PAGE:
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Synopsis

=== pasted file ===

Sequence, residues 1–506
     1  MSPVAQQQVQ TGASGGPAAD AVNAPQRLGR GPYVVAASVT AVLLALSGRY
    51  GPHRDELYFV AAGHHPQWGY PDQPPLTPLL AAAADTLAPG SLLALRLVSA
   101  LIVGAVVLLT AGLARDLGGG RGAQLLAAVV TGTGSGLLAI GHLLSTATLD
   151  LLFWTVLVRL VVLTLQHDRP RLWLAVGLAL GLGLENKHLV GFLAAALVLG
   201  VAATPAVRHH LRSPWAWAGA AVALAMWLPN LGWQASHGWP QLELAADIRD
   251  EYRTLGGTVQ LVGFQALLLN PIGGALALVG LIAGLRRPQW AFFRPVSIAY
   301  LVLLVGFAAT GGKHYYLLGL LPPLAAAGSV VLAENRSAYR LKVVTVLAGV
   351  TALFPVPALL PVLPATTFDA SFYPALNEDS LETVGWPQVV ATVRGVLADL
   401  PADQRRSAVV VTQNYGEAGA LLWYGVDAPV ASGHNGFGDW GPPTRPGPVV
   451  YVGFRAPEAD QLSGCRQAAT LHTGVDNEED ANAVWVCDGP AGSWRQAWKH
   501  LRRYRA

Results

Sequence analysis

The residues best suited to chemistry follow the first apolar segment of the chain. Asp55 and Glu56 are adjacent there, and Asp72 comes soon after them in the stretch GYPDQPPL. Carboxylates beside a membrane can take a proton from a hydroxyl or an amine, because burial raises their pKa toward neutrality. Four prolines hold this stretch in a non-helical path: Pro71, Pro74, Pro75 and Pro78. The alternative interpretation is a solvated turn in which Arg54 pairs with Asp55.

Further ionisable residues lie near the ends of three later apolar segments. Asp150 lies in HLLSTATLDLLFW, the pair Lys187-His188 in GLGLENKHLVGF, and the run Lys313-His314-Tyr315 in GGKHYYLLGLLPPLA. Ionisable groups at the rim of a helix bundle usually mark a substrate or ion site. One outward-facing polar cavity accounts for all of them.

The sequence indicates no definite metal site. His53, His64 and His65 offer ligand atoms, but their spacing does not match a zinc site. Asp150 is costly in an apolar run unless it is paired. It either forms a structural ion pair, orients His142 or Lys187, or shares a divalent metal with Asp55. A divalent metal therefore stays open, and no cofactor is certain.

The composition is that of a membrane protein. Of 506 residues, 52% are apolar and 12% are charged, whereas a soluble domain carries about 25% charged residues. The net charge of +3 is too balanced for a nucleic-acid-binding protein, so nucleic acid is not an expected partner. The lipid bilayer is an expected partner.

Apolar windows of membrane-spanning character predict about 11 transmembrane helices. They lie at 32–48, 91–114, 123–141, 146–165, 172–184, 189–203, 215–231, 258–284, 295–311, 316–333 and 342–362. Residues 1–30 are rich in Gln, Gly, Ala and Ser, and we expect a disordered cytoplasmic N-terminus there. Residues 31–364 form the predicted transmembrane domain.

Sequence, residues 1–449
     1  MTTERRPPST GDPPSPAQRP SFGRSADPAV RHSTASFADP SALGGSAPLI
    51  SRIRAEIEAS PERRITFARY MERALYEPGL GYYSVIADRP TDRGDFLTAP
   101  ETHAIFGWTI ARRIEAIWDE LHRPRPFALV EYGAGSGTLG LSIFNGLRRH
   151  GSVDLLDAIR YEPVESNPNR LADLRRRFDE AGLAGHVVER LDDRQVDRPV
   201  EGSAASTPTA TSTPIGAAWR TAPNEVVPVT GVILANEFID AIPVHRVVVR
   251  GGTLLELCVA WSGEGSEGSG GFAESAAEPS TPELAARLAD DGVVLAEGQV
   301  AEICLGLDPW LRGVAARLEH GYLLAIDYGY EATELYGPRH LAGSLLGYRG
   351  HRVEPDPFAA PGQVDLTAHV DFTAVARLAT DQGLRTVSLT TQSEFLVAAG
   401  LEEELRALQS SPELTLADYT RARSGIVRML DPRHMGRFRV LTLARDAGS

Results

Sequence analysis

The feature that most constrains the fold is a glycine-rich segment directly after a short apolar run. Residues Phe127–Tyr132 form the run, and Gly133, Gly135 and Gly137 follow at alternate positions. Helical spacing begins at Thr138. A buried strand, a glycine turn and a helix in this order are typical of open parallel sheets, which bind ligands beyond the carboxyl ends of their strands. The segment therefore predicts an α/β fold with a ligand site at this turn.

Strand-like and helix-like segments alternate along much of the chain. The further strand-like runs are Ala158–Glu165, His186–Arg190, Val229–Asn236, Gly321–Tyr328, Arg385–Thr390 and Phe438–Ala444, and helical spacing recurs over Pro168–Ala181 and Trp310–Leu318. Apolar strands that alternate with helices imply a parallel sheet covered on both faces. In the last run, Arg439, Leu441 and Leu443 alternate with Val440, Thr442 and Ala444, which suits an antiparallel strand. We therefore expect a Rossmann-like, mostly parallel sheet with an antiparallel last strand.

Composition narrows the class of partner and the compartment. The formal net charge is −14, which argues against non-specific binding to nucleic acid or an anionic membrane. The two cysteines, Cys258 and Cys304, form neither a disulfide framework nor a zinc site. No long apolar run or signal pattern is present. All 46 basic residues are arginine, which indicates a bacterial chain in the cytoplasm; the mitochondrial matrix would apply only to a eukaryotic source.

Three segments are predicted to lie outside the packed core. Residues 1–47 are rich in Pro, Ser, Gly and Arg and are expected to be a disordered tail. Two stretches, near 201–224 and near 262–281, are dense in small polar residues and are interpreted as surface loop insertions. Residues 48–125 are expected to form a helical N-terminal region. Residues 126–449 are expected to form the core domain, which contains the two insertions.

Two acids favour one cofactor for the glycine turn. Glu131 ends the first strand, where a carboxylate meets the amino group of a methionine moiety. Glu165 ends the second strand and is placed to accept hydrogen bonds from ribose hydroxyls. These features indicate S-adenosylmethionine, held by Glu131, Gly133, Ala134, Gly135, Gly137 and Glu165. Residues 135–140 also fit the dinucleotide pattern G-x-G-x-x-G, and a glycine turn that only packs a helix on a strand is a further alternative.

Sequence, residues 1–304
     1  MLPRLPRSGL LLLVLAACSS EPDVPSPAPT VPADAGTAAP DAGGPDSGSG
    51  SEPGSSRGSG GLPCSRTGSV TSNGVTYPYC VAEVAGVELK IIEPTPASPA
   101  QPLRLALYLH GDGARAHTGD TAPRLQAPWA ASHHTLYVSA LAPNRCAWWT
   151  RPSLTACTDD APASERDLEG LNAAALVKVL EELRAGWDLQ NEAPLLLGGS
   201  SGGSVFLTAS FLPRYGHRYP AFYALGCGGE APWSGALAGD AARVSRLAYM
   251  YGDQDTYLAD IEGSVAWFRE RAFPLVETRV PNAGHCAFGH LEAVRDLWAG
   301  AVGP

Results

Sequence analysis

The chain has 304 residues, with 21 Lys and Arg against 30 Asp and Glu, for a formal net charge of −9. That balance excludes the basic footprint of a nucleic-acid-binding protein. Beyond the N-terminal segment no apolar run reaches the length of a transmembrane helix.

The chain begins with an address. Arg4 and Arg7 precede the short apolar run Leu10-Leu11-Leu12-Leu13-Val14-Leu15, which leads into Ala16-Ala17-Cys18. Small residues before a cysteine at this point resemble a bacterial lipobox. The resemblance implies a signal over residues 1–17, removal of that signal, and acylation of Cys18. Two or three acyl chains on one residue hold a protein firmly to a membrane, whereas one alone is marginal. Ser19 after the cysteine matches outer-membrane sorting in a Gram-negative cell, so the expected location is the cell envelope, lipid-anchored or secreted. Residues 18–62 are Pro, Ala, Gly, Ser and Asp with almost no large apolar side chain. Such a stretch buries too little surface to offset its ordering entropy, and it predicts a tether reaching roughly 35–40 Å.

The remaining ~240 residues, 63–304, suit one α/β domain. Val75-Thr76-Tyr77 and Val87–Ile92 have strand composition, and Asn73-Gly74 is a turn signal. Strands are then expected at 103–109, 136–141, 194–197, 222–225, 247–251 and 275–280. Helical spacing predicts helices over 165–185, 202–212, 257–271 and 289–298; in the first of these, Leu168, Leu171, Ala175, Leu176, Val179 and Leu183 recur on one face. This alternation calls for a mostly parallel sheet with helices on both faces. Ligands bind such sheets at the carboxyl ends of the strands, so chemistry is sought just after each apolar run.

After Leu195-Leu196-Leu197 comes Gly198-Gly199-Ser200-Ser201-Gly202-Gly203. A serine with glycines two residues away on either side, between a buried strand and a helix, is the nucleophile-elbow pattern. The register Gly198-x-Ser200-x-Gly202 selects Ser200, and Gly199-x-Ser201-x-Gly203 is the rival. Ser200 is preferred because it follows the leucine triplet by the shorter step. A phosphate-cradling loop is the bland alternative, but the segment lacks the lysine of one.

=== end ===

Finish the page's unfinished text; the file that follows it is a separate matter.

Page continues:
This study, based on primary sources, deals with the linguistic development and polemical uses of the expression Unequal Treaties, which refers to the treaties China signed between 1842 and 1946. Although this expression has occupied a central position in both Chinese collective memory and Chinese and English historiographies, this is the first book to offer an in-depth examination of China's encounters with the outside world as manifested in the rhetoric surrounding the Unequal Treaties. Author Dong Wang argues that competing forces within China have narrated and renarrated the history of the treaties in an effort to consolidate national unity, international independence, and political legitimacy and authority. In the twentieth century, she shows, China's experience with these treaties helped to determine their use of international law. Of great relevance for students of contemporary China and Chinese history, as well as Chinese international law and politics, this book illuminates how various Chinese political actors have defined and redefined the past using the framework of the Unequal Treaties.

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